Ideal Jobs for Crowdsourcing

Crowdsourcing is an incredibly powerful way to carry out jobs that can be broken down into tasks. We’ve found the best jobs for crowdsourcing are those that:

  • Cannot be automated 
  • Can be divided into discrete steps governed by objective rules
  • Can be carried out online without requiring contributors to leave their computers

In the sections that follow, we’ll discuss three elements that qualify certain jobs for crowdsourcing. Later on we’ll cover some of the most common use cases for turning to the crowd to get a job done.


1. Humans > Machines

Can a computer perform the job better? Then assign the job to a computer. There will still be plenty to keep us humans busy and our feelings won’t be hurt, we promise. Jobs that can be 100% automated might as well be completed, in less time and for less money, by running a script or application.

But what about those jobs that involve some element of interpretation, synthesis, or evaluation? That’s where humans perform well and computers perform poorly. For example, humans could better describe the action taking place in a photo or determine whether an email is spam based on subtleties that a computer would miss.

2. Objective Rules

Most jobs involve a series of tasks that are accompanied by objective guidelines for contributors to follow. For example, you might ask contributors to take certain criterion into account while carrying out a product-categorization tagging task. The better able you are to teach contributors your guidelines, the more accurate and valuable your results will be.

3. 100% Online

The most successful crowdsourcing jobs have something in common: they all involve tasks that keep contributors at their computers. When contributors are asked to collect information from the real world, collaborate with others, or turn to another device to carry out a task, extraneous factors can skew results and unforeseen obstacles are more likely to interfere with task completion. An example would be a task that requires contributors to use a smartphone to provide feedback on mobile applications. For best results, use CrowdFlower to crowdsource jobs that can be completed in the digital world and on a single device.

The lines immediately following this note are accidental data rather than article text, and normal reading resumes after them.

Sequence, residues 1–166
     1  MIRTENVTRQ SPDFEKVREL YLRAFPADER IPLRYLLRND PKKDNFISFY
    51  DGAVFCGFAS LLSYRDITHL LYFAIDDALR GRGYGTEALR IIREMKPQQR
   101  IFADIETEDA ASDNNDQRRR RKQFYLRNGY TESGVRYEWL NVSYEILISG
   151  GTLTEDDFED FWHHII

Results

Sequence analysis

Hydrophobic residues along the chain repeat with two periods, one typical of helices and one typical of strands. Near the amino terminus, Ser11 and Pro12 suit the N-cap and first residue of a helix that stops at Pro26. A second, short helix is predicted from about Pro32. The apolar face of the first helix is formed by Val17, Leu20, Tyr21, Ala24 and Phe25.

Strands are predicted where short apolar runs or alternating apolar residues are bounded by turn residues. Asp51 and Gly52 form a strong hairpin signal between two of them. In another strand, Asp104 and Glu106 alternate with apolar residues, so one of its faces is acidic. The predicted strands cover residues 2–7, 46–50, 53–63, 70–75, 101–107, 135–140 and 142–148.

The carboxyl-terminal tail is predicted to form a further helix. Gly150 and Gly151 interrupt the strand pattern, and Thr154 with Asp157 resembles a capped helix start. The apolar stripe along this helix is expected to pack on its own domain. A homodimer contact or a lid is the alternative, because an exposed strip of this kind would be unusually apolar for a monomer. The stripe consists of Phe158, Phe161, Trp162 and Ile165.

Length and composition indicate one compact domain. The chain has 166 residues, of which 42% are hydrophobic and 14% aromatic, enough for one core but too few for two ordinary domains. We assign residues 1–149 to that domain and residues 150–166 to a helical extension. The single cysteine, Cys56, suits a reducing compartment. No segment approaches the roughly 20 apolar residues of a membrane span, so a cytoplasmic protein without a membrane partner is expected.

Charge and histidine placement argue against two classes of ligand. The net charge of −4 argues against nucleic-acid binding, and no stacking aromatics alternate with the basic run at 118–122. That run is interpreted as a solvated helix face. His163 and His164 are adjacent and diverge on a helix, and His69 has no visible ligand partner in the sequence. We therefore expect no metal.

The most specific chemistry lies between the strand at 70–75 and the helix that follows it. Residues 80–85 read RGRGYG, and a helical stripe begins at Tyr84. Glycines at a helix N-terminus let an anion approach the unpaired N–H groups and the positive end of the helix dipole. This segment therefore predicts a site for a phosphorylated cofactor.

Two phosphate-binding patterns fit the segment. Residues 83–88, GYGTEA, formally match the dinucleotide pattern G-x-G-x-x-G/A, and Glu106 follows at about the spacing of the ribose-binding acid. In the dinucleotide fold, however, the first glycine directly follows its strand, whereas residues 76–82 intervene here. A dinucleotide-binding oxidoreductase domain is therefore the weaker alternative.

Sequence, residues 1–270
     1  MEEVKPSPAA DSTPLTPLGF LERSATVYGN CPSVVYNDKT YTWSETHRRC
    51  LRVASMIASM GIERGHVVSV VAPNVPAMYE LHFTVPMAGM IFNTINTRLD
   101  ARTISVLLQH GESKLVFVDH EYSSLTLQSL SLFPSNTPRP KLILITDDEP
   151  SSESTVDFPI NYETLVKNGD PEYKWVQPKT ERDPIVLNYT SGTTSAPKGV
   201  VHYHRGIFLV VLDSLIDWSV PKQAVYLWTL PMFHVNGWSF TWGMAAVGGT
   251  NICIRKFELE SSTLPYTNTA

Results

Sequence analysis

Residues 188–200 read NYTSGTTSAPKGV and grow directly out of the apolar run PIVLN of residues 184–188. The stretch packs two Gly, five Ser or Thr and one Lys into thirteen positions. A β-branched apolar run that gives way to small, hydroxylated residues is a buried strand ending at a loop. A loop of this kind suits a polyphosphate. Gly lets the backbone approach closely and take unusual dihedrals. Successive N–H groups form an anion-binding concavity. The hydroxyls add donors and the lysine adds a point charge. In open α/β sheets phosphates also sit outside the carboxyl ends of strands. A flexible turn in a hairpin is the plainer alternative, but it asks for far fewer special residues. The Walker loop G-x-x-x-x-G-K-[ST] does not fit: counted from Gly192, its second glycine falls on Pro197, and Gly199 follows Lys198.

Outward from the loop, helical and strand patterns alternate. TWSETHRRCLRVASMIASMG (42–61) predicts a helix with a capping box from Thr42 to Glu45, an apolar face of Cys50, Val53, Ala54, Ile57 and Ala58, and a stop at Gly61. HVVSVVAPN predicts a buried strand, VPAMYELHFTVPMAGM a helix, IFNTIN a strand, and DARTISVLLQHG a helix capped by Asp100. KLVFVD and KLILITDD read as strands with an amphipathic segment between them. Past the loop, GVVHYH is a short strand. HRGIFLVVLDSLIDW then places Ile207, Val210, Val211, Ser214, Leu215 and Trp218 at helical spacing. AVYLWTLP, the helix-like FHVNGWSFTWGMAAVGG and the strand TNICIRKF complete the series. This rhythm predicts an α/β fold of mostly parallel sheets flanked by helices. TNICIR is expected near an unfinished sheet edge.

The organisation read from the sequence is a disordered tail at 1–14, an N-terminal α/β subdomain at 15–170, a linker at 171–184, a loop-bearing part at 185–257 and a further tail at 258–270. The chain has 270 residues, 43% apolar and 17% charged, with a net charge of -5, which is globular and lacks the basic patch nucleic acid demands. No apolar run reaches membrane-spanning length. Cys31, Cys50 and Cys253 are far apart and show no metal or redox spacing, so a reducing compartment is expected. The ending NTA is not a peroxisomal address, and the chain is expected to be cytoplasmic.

Common Use Cases

It should now be clear that the ideal jobs for crowdsourcing on the web are mainly objective in nature, but also have subjective nuances that prohibit complete automation. You might call these repetitive, time-consuming tasks that require human attention. Comparing two records, categorizing a product, or finding a company’s website are all tasks that require people to complete a repetitive task for a potentially large set of data. If you can create an objective set of rules that anyone could follow to complete the task, you likely have a great fit for a crowdsourcing job.

For a better understanding of some of the most common categories of crowdsourcing use cases, consider the examples listed below:

  • Sentiment Analysis – direct contributors to do what computers cannot: interpret context clues to extract meaning, mood, intention, or tone from a graphic, video, or piece of writing (e.g. one that contains humor, sarcasm, slang, or irony).
  • Categorization – ask contributors to categorize companies, products, media, or any number of other items, based on the criteria that you provide.
  • Content Moderation – ask contributors to moderate your content for guideline violations, inappropriate content, or spam. Whether it’s text, photos or video, the crowd can evaluate the content against a set of objective rules.
  • Business Listing Verification – use the crowd to improve the quality of your business data by verifying company websites, addresses, phone numbers, and other important fields in your CRM system.
  • Data Collection and Enhancement – ask the crowd to collect new data or enhance your current databases by finding social media handles on LinkedIn or Twitter profiles, locating parent and subsidiary companies of a business, or by flagging duplicate business records.
  • Search Relevance – ask the crowd to create training data for an algorithm. For example, the crowd could help refine a search algorithm by rating how relevant search results are to some query.
  • Image Transcription –  direct contributors to sort through photos and transcribe information from the photos into data that you can use. 

If you’re ready to harness the power of the crowd to tackle tasks that no computer could take on, CrowdFlower is here to help. If you’re just getting started, make sure to review our Platform Overview. If you’re ready to dive right in, we’d suggest reading up on our Tips for Task Design.

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